|David Miranda (Credit: The Guardian)|
I do not intend in this blogpost to go through the particulars of all of the five grounds of appeal. Others have done this better than I can do justice to. However, I do wish to comment on what has been described as an "inconsistency" in Lord Dyson's judgment handed down today, raised by Carl Gardner in his piece here.
The main finding against the government was based on the conclusion that, for want of adequate safeguards to prevent arbitrary use, Schedule 7's detention and search powers fail the test that must be satisfied to comply with the European Convention on Human Rights. As such a "declarator of incompatibility" under s4 of the Human Rights Act was issued. In particular, s4(2) provides that:
"If the court is satisfied that the provision is incompatible with a Convention right, it may make a declaration of that incompatibility."The effect of a declarator is not to invalidate, discontinue or limit the enforcement of primary legislation (s4(6)(a)). On the contrary, it has full force and effect.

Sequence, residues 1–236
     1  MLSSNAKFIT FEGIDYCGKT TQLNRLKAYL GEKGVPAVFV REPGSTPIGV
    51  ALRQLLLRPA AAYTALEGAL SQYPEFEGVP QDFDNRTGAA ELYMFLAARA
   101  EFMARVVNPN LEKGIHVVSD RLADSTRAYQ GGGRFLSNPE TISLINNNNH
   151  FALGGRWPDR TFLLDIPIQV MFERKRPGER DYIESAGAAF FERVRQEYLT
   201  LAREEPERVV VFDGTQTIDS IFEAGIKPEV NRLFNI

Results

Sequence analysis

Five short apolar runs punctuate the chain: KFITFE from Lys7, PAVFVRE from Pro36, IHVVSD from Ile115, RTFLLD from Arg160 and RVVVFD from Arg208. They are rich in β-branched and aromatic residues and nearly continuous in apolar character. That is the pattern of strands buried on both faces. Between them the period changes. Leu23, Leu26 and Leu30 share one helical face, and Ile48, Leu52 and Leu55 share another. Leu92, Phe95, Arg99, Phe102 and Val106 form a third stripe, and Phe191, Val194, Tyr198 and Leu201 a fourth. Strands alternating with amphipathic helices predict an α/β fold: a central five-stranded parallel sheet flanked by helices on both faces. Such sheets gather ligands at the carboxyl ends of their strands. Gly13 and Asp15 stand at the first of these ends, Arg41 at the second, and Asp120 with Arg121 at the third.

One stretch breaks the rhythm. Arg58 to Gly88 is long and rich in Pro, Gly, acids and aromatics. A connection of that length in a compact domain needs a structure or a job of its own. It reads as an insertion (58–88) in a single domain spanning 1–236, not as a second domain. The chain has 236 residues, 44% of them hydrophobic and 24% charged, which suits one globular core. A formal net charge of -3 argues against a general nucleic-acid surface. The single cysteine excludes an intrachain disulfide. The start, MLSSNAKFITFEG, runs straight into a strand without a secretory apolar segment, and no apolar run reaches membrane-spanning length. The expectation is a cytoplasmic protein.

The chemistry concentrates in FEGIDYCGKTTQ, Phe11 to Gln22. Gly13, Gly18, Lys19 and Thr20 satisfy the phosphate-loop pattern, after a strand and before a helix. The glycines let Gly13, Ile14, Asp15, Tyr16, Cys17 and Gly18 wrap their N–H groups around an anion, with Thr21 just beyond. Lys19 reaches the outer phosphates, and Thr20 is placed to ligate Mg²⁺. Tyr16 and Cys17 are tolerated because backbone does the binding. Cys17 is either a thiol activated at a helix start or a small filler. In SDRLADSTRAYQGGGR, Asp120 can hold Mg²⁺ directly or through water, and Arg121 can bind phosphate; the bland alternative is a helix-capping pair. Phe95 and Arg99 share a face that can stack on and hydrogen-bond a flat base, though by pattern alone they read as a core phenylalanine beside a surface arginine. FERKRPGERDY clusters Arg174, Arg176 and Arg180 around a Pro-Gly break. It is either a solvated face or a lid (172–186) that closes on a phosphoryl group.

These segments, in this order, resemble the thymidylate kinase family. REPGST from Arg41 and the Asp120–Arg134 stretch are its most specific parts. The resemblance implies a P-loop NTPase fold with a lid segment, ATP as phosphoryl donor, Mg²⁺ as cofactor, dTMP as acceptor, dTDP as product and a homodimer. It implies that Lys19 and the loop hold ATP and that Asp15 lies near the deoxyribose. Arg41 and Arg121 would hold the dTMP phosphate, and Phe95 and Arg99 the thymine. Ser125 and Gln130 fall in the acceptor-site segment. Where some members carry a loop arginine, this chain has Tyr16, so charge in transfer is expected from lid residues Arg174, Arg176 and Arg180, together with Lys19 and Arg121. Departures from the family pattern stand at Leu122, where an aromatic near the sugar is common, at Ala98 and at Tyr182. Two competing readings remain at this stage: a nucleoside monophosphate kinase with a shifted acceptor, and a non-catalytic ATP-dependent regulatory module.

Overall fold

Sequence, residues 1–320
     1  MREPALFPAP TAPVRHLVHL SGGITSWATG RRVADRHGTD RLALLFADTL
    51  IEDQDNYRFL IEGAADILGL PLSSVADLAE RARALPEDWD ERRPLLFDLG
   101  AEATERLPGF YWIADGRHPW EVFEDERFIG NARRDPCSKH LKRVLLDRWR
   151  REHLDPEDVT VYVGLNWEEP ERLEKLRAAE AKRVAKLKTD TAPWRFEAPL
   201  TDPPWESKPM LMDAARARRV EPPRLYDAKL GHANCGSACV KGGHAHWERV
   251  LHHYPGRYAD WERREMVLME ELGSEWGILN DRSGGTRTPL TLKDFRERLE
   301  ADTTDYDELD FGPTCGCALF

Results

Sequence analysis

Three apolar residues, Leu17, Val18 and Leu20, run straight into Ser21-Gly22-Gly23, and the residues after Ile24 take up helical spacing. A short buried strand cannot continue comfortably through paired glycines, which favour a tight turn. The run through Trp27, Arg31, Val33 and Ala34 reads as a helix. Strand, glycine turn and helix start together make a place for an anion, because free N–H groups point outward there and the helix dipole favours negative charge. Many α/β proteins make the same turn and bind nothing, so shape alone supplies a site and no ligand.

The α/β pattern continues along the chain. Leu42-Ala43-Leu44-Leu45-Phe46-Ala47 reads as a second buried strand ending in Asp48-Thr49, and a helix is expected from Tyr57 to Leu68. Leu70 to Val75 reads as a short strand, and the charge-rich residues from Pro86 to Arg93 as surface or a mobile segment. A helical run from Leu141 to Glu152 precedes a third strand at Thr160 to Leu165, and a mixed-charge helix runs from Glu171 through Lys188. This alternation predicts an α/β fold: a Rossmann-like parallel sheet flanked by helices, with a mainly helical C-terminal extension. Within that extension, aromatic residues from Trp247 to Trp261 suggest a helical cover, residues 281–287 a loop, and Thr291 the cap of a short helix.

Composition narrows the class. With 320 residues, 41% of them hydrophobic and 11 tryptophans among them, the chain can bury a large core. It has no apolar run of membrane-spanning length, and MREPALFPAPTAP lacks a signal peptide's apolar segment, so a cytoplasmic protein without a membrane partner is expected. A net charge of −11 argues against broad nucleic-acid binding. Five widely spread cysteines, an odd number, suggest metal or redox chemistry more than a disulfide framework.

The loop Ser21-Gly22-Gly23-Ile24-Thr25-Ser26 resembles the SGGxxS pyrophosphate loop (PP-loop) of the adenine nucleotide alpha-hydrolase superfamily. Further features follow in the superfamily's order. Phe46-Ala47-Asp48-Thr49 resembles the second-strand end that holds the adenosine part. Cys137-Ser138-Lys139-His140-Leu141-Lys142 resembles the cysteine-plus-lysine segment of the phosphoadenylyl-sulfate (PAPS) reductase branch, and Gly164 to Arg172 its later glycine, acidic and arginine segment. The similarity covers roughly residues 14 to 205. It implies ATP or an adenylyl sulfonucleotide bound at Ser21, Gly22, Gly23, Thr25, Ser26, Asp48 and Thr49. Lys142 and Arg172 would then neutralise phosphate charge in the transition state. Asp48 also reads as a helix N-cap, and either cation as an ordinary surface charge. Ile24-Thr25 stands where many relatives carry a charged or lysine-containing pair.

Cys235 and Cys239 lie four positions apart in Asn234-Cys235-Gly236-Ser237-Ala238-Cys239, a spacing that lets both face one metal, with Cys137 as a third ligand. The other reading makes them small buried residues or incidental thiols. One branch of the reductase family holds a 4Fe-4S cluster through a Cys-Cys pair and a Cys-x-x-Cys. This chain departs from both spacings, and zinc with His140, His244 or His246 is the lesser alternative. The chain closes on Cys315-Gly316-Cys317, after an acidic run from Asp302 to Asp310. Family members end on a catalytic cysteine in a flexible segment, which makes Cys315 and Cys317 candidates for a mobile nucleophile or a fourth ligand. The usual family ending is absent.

It is not unlawful in a specific instance for a public body to act incompatibly with the ECHR where they are "acting so as to give effect to or enforce" "one or more provisions of, or made under, primary legislation which cannot be read or given effect in a way which is compatible with the Convention rights". This is very clearly set-out in s6(2)(b) of the Human Rights Act.
This means that a piece of legislation can violate the ECHR, but it is not competent for a British court to make a finding of illegality in respect of a public body acting incompatibly, where that illegality results, and only results, from the incompatibility of the primary legislation that it is enforcing. Obviously if, for example, secondary legislation was incompatible with the Convention for additional reasons and/or a public body supplementarily acted in a manner which was incompatible with the Convention, then a British court could strike down that secondary legislation and find the actions of the public body to be unlawful. The appropriate remedy in that instance would not have to be a declarator of incompatibility.
Acting compatibly with the ECHR